There is always some kind of pleasure to be taken from following criminals as they rise through the underworld only to be inevitably struck down by a combination of hubris and carelessness. It’s often doubly cathartic to see people who can finesse their way around the legal system, succeed, and then receive their comeuppance in quick succession; it is a classic film formula that can be traced back to the days of Rocky Sullivan and Tony Camonte.
Seemingly joining their ranks in a more white-collar turn is Sakoto Watabe (Miyoko Asada), a notorious Japanese con artist who fleeced millions from unsuspecting victims through a combination of pyramid, financing and investment schemes over several decades. While certifiably one of the nation’s worst white-collar criminals, her story’s treatment in the bland, monotonous Erica 38 paints her as a figure who is, disappointingly, lacking any depth or complexity to her actions.
Essentially Watabe was a snake oil saleswoman whose wolfish sales tactics and ability to up-sell naïve targets on irresponsible investments allowed her to build a small fortune by the time she turned 60. Beginning with her arrest and extradition from Thailand, the film is retold from her guileless entry into the world of financial fraud to her ascension through a shady investment firm, where she was operating an international pyramid scheme and living lavishly all while doing it.
Although it’s a generous comparison, Erica 38 also elects a Citizen Kane recall structure, wherein — assembled along with these pivotal moments from Watabe’s creation of her criminal empire and its deconstruction — there are interviews with her victims and colleagues that aim to offer insights into the enigmatic figure at the center of this strange odyssey. The technique is admirable, but, due to the disjointed nature of the narrative’s arrangement and the streamlined manner in which her criminal activity is simplified, Watabe remains somewhat of an unknowable figure.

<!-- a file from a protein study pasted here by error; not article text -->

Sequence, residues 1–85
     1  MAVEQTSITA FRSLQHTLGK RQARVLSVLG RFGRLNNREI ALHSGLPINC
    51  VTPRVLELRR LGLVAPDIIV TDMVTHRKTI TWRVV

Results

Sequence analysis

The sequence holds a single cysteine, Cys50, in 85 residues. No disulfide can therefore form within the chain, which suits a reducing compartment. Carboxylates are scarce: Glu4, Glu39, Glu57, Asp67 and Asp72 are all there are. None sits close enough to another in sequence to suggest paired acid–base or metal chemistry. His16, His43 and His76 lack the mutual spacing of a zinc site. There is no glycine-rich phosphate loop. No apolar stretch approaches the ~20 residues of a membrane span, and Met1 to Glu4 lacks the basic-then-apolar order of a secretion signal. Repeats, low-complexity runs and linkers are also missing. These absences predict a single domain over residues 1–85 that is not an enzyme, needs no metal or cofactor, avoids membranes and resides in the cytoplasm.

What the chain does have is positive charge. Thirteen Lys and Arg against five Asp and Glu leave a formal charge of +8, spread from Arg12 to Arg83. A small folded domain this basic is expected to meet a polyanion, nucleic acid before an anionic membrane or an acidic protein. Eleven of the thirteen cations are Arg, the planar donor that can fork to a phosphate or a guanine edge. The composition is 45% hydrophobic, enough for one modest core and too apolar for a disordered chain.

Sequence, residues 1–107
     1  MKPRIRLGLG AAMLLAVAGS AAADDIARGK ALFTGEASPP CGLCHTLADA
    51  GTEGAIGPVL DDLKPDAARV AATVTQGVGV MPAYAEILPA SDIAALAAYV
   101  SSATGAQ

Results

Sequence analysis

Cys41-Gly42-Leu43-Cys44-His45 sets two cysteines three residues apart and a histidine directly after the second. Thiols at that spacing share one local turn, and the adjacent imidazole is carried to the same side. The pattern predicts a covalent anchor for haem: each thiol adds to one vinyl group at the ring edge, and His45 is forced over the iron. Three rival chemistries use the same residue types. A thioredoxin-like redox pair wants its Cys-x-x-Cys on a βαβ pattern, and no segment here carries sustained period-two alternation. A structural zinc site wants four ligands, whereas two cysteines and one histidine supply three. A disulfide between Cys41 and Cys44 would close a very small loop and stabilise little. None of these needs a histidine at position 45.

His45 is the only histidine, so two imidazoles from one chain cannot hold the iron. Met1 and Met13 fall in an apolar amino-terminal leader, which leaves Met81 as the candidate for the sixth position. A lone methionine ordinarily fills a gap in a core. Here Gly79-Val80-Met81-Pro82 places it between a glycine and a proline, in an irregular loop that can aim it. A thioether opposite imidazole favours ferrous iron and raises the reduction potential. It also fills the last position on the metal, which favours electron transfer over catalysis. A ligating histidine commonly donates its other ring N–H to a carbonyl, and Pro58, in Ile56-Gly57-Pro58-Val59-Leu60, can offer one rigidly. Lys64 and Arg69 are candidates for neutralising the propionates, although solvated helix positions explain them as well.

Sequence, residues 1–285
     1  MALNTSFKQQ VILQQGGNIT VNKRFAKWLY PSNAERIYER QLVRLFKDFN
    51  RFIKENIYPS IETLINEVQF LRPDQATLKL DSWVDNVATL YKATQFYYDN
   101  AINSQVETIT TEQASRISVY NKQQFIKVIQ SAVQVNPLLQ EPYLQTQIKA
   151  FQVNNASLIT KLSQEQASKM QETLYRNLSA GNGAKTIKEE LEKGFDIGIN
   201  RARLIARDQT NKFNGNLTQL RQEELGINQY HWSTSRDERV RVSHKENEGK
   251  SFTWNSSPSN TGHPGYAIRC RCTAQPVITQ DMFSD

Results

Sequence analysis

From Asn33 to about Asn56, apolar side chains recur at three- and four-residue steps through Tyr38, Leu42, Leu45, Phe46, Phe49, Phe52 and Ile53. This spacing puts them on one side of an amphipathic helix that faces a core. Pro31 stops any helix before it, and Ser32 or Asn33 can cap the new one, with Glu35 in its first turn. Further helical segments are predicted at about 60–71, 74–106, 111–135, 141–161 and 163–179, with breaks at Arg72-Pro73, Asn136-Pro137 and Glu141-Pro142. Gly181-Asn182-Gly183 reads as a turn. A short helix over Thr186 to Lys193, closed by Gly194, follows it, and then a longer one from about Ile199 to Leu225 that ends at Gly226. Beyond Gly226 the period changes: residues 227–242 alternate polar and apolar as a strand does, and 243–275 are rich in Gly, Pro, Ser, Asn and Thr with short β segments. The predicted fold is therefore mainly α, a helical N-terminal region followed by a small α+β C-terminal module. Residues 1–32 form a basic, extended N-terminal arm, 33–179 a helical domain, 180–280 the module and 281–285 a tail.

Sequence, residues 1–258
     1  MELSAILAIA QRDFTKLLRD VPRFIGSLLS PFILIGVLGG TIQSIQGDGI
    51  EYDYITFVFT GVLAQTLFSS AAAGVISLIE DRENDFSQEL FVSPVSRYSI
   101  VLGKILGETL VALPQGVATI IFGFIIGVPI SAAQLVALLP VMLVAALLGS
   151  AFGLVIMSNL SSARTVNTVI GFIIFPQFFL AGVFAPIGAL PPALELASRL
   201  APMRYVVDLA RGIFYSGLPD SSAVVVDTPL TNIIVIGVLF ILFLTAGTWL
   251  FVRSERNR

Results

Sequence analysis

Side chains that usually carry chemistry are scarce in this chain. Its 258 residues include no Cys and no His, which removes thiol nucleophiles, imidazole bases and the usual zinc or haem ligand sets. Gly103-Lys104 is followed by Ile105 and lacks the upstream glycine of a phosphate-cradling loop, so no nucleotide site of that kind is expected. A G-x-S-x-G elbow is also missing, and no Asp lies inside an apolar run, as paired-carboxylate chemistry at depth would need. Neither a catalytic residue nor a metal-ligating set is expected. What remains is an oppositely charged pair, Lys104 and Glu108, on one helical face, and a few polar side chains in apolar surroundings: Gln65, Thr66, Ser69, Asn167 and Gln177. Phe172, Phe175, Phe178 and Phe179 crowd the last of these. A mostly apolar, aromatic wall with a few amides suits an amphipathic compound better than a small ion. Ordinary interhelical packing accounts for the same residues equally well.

Although in her performance as Asada is certainly embodying the role of an aging huckster who is drunk off both on the prospect of manipulation and illicit prosperity, the script is internally confused on what her character is meant to represent. It may be that Erica 38 is asserting that Watabe, as a newly senior citizen with a history of being taken advantage of in her personal life, is merely just indulging in her last chance to enjoy life to its fullest, and, due to her history, has no qualms about who she steps on to make that reality.
That would be simple enough if the film didn’t fail to coerce you into having sympathy for her character, whose “tragic” backstory and humanizing moments are unceremoniously chopped into a dry, tedious melange of scenes explaining (poorly I might add) how she got away with it all for so long. First and foremost, the problem of Yuichi Hiba’s debut is its assemblage, which needlessly tangles what is in essence a very straightforward rise-and-fall story.
Second of all is the problem of the overall design of Erica 38. I suppose the horrible beige tint that permeates this film is meant to convey a sense of nostalgia for previous decades, as this is ostensibly a period piece, but the overall effect makes this one of the drabbest looking crime stories ever filmed. The film gives off an acute staleness, from the overexposed lighting treatment to the tedious discussions of the minutiae of scamming someone. Irrevocably rough around the edges and doing stylistically nothing to hold your attention, Erica 38 is the cinematic equivalent of white noise just washing over you as you try to piece the details back together.
Credit where credit is due: a film led by an aging actress is definitely rare nowadays, and Miyoko Asada would be the primary reason to watch Erica 38’s insipidness from the beginning to its predictable, lackluster end. When a featureless look is coupled with an equally featureless story, however, even the best Dame actress of England couldn’t move me to get invested.